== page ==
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Civil Rights Movement in Kentucky Oral History Project Digital Media Database, Kentucky Oral History Commission.

Civil Rights Movement in Kentucky Oral History Project Digital Media Database, Kentucky Oral History Commission ( civil_rights_mvt/).

The project represented by this Web site was an immense undertaking. Begun in 1998 by the Kentucky Oral History Commission (KOHC) in partnership with the University of Louisville, the goal was to document the struggle to end legal segregation in the state of Kentucky. The original project generated over 250 interviews, amounting to 350 hours of audio, 40 hours of video, and 10,000 transcript pages, and the commission also produced a documentary in 2001 entitled Living the Story: The Civil Rights Movement in Kentucky. It was distributed to schools in the state and was also broadcast on Kentucky Educational Television (KET) on numerous occasions.

In an effort to make the original oral history materials accessible to researchers, teachers, students, and the interested general public, KOHC a created a Web site which has, at its core, an impressive database currently containing more than half of the interviews It is organized by fields which indicate the chronicler's name, the format of a particular selection, the interview's catalog number, the decade covered in the recording, the county under discussion, and a description of the interview contents. All fields are searchable, and different search results can be sorted according to all of the above criteria (except for the description). The database organizes not only complete transcripts in a handy PDF format, but also audio and video excerpts of selected material.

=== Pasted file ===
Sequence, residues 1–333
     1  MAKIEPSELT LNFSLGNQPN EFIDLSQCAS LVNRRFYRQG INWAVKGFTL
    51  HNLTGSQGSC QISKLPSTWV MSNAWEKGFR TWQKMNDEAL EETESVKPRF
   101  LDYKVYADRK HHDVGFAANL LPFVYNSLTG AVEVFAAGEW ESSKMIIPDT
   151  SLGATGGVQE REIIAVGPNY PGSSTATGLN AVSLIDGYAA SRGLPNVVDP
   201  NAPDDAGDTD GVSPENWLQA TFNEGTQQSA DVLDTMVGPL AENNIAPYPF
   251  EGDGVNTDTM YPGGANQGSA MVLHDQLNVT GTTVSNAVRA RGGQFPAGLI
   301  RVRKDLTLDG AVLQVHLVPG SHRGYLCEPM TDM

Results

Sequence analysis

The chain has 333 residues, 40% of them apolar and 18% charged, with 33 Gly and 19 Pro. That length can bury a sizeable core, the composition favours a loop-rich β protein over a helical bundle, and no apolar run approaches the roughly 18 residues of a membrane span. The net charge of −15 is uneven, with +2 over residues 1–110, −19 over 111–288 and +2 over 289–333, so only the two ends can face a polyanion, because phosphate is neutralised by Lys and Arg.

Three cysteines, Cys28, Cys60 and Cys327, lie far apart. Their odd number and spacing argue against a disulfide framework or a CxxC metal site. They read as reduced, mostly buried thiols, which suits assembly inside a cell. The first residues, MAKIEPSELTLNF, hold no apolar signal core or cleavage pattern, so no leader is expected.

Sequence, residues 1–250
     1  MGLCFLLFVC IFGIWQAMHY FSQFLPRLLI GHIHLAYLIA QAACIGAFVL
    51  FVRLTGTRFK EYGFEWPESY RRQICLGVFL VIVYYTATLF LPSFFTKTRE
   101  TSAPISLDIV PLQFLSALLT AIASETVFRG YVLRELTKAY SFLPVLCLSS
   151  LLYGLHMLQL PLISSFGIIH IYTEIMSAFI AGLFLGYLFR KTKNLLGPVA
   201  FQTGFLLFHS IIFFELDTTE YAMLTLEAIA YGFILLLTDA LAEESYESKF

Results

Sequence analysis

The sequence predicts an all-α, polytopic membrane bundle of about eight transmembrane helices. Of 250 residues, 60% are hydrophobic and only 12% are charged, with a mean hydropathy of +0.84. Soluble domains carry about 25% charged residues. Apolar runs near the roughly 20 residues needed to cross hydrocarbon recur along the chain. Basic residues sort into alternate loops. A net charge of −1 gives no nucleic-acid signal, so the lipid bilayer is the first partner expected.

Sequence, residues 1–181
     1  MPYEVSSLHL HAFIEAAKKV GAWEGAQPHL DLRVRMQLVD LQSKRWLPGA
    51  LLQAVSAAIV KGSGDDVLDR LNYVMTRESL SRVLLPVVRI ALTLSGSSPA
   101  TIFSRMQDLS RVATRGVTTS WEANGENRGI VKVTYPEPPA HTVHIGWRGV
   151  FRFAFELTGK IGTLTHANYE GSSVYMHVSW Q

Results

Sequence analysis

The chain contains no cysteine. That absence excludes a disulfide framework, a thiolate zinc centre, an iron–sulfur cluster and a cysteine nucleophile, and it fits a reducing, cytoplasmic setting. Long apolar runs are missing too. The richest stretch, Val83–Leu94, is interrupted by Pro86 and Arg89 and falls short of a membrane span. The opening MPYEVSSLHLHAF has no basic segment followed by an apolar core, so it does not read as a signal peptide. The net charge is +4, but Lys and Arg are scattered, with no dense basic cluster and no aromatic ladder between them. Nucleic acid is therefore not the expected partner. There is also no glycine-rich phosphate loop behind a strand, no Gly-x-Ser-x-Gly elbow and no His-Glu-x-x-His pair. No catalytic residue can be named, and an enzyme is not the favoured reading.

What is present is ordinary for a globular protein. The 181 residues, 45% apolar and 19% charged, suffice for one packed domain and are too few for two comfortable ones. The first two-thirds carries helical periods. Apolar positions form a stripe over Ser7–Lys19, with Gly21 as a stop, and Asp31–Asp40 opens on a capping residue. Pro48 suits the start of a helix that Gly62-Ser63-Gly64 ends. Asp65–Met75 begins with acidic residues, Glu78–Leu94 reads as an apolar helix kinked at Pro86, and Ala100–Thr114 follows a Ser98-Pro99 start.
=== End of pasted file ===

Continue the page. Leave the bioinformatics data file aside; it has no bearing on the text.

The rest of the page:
The database itself would have been a considerable achievement on its own, but the KOHC went one step further and did something very important. They made an attempt to contextualize all of this information so that viewers of the site could better understand the material presented. They arranged the interviews by section, including "Life Under Segregation," "Desegregation of Education," "Public Accommodations," "Open Housing," and "Protests and Demonstrations" (with an additional option of selecting "All Video"). Each topic's main page contains a list of the relevant interviews along with a short statement providing historical background on the material being presented, thus adding meaning to the audio, video, and text that follow without being overly interpretive.

The creators of this site have obviously taken great care with the process of selecting audio and video excerpts, as all of the segments this reviewer played were of good quality and retained their meanings well outside of the confines of the larger recordings or transcripts. This is not always easily done, but by providing the introductions to the topics and short descriptions of each chronicler's selections, the site allows these audio and video portions to stand alone.